Rhetorical question: Which would have been more expensive--a heart transplant that would likely have killed the patient or left him with a very short life expectancy, or the use of doctors and state-of-the-art equipment which determined that the transplant wasn't even necessary. And add to that, that heart can only be used once. The doctors and the equipment can be utilized over, and over, and over.

The Los Angeles Times, a big fan of Obamacare, nevertheless picked up on the findings of the UCLA series, and concluded that in the case of heart failure patients, "the hospitals that spend the most seem to save the most lives." An obvious fact entirely missed by Obamacare and the sycophantic Dartmouth study. For those who believe that health care is a matter of mere numbers and statistics, I suggest that if they are older or suffering from a chronic life-endangering illness, they should consider being treated at UCLA Medical Center rather than at Dartmouth.

9 comments:

AndrewPrice said...

Better get used to it... once the government starts running something, the primary focus becomes budget, not service or care.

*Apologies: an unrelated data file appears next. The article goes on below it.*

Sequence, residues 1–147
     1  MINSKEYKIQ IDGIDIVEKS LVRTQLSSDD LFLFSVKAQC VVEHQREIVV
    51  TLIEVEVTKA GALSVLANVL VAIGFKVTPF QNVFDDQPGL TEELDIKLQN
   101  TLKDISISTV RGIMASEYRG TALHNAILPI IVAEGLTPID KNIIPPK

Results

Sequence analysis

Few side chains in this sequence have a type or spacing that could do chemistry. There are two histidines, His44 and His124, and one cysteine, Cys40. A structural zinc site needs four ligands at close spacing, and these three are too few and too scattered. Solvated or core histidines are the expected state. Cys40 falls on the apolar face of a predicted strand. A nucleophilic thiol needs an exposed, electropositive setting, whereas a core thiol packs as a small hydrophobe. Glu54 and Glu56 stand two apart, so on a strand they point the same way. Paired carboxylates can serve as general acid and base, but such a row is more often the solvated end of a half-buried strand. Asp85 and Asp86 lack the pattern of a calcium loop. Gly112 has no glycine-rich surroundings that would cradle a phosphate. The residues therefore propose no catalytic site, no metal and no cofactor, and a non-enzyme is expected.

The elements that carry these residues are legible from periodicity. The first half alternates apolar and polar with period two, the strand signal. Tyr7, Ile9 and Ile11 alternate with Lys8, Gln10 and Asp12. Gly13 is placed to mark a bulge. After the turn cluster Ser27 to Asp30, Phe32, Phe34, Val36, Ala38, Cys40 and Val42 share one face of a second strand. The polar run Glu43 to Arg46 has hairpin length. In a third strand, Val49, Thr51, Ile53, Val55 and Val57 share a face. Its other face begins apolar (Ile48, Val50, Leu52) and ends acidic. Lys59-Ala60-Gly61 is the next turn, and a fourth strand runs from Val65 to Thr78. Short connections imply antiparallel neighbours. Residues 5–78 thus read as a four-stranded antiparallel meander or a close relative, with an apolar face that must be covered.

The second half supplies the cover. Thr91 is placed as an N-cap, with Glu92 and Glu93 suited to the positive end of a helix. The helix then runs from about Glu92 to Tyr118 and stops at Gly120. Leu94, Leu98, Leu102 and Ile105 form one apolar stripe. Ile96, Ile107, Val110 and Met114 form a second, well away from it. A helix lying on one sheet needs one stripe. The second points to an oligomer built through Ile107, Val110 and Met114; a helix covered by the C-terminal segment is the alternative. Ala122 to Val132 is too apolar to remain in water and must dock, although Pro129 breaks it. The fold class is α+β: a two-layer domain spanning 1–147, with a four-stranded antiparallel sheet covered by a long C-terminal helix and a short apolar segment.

I think it's interesting that the party that has always claimed to speak for older people (and used to oppose any cut in Medicare) would now be putting seniors in a position where they will be pushed aside in the name of keeping costs down. Maybe it's time to re-evaluate that belief that the Democrats are out to help people.

LawHawkSF said...

Andrew: The Democrats have always been about lofty ideas to fool the rubes while they enrich themselves and pander to the masses. I don't expect that newborns with birth defects will get much better treatment than the oldsters. The pure fiscal model would be bad enough, but they're also counting votes. They are cynical beyond all belief. And now they are targeting those least able to defend themselves.

We have a lot of work ahead of us, don't we?

StanH said...

In the long run guys, I don’t believe America will put up with substandard healthcare, we’ll see.

LawHawkSF said...

StanH: With a little more luck, maybe America won't put up with government health care at all. I'm no longer 100% convinced that they will get anything after all, or if they do, it will be such a weak bill that we can undo it within a year. Maybe I'm just being New Year optimistic.

HamiltonsGhost said...

Lawhawk--I think that even those who laughed at the use of the words "death panels" are coming to realize that it is exactly what Obamacare will give them. And the last thing on earth the Democrats will ever admit is that lives will depend on some bureaucrat's decision rather than that of a doctor, the patient, and the family.

LawHawkSF said...